Product Photography 101: An Interview with William Egbert
Commercial photographer and product designer William Egbert has taught a variety of classes on small product photography at our Chicagoland Oak Brook store, and we recently asked him to talk to us about this specialty field and to share a few tips with our readers.
How did you specialize in product photography?
Specializing in product photography really came from necessity when I started my degree in industrial design and I realized I had to get the idea of a prototype to the client, and what better way to do that then a really cool photo. Then some years later, during rehabilitation from a life-changing accident, I picked up photography again and dove in headfirst. Only after having to redefine myself as a photographer did I figure out that custom constructed and “storied” sets were to be my thing.
What is your “go-to” gear to capture the fine details of a certain item? How does it differ from photographing something like office furniture to fine jewelry?
My gear selection is really all over the map. I use digital medium format when the project calls for it, but I rely mostly on my DSLR gear, both Canon and Nikon. The gear that definitely gets used the most are my tilt-shift lenses, which are the closest thing to a technical view camera.
When I have to photograph a small piece of jewelry with fine details, I bust out the macro lenses. Sharp focus in product photography is critical, so a studio stand and a geared macro slide are great to have. I always shoot in manual focus and DSLR lenses have such a short throw that many times I will use a geared head to achieve tack-sharp focus. You can always dull it down in post-production, but no amount of sharpening will fix an out-of-focus subject.
However, times change, as do clients’ tastes, so a photographer’s kit should always be evolving and staying current.
What was the most challenging assignment that you ever had to shoot? How did you achieve success?
Definitely documenting the restoration of a “one off” 1951 Bentley. This project was a big mess from the moment I set out, and I mean that in a challenging way. I needed to gain access to the vehicle on a regular basis to document the build, but vehicles like this are not built on a schedule, so that meant I had no schedule!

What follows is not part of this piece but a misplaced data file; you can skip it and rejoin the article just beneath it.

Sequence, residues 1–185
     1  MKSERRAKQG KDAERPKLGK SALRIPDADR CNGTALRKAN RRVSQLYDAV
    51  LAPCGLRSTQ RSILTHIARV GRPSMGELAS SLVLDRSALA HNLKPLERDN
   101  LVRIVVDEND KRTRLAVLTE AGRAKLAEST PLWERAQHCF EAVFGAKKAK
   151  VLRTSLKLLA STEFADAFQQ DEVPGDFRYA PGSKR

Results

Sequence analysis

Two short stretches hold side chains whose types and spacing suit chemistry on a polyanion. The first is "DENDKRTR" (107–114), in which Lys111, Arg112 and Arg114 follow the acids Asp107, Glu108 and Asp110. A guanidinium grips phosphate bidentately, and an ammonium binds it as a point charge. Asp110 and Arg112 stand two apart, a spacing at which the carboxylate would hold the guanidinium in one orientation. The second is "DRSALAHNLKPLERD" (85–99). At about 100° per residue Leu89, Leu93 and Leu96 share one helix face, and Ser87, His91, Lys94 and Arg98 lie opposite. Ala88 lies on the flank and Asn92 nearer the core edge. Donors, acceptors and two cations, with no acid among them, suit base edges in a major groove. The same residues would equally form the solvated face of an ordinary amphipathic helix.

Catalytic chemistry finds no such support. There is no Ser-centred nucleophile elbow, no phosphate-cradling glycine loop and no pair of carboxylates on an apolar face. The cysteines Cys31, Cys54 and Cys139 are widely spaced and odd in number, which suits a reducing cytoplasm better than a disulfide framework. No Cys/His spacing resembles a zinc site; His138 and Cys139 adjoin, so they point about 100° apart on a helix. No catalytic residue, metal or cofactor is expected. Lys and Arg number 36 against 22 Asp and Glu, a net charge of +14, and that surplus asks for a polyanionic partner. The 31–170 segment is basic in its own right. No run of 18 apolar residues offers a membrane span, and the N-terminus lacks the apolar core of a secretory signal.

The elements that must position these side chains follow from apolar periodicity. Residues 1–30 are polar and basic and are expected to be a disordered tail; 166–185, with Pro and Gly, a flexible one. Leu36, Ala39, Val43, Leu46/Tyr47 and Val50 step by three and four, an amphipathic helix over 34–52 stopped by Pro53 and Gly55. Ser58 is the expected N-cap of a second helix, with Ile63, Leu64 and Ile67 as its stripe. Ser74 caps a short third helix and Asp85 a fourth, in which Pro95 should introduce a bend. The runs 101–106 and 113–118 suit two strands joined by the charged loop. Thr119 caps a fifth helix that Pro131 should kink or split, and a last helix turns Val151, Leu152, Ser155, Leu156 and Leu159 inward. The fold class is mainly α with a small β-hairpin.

Each time I needed to photograph the next phase, I would have to dust the car, wipe off fingerprints and clean up the mechanic’s area so I could set up my gear. This vehicle is worth a tremendous amount of money, so if anything fell on the car or a light stand scratched it, I would be held personally accountable.
After the finals were assembled, post-processing began. These photos took enormous amounts of time to retouch, as there were so many shadows and reflections from having to shoot in an active restoration facility and the time restraints involved. But I completed the project and turned over a really dynamic set of images that the client will treasure for a long time.
How much editing do you plan for in your schedule for a product photography shoot?
Post-production is really a tricky thing to budget for. I generally budget for a couple of hours knowing that some photos will take a few minutes and others a lot longer, so it usually averages out. But it really depends upon the assignment and the amount of compositing that will need to be done.
My rule of thumb is for each hour spent on set design and photography, I add an hour of post-production. Most all of my work is done in camera with real lighting, so most of the time all I need to do is some dust removal, a bit of dodging and burning and some creative layers to make it pop.
What’s the number one mistake everyone makes when they first start photographing products? How can you avoid this?
I think the biggest mistake is not giving your images a hard enough critique. This can be difficult, but without it there is no progress. I suggest finding the best photographer you know and asking them if they would “honestly” critique your work. Then go home, have a good cry and get back to work using their suggestions.
Remember, Michael Jordan was kicked off of his high school basketball team. So develop thick skin early, don’t make excuses and get out and attend some workshops, watch some videos online and practice your lighting. Being able to control the light will always create the drama you need, even if the project is just on a white seamless.
To see more of William’s commercial photography stop by his portfolio. And, learn more about William’s company Vulture Equipment Works by stopping by their website or browse a great selection of Vulture Equipment products here. If you’re interested in learning more product photography techniques from William and are in the Chicagoland area be sure to register for his small product photography class at our Oak Brook, IL location on August 31, 2013.